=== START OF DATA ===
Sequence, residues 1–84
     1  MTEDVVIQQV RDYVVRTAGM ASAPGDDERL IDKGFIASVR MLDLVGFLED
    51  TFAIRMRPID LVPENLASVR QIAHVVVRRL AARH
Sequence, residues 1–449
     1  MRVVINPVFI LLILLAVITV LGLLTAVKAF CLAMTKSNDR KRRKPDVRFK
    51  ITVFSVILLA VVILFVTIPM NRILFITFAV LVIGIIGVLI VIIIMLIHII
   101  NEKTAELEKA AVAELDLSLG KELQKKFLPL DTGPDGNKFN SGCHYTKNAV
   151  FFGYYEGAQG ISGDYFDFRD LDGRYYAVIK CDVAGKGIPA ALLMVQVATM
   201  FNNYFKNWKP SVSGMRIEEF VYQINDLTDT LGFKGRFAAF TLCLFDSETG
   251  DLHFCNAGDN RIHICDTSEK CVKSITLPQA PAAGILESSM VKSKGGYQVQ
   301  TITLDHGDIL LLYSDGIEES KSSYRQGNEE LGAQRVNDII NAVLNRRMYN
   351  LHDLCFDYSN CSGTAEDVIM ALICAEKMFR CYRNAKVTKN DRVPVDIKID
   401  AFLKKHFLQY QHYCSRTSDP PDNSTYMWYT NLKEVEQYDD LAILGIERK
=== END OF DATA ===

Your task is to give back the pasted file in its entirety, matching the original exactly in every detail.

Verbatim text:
Sequence, residues 1–84
     1  MTEDVVIQQV RDYVVRTAGM ASAPGDDERL IDKGFIASVR MLDLVGFLED
    51  TFAIRMRPID LVPENLASVR QIAHVVVRRL AARH
Sequence, residues 1–449
     1  MRVVINPVFI LLILLAVITV LGLLTAVKAF CLAMTKSNDR KRRKPDVRFK
    51  ITVFSVILLA VVILFVTIPM NRILFITFAV LVIGIIGVLI VIIIMLIHII
   101  NEKTAELEKA AVAELDLSLG KELQKKFLPL DTGPDGNKFN SGCHYTKNAV
   151  FFGYYEGAQG ISGDYFDFRD LDGRYYAVIK CDVAGKGIPA ALLMVQVATM
   201  FNNYFKNWKP SVSGMRIEEF VYQINDLTDT LGFKGRFAAF TLCLFDSETG
   251  DLHFCNAGDN RIHICDTSEK CVKSITLPQA PAAGILESSM VKSKGGYQVQ
   301  TITLDHGDIL LLYSDGIEES KSSYRQGNEE LGAQRVNDII NAVLNRRMYN
   351  LHDLCFDYSN CSGTAEDVIM ALICAEKMFR CYRNAKVTKN DRVPVDIKID
   401  AFLKKHFLQY QHYCSRTSDP PDNSTYMWYT NLKEVEQYDD LAILGIERK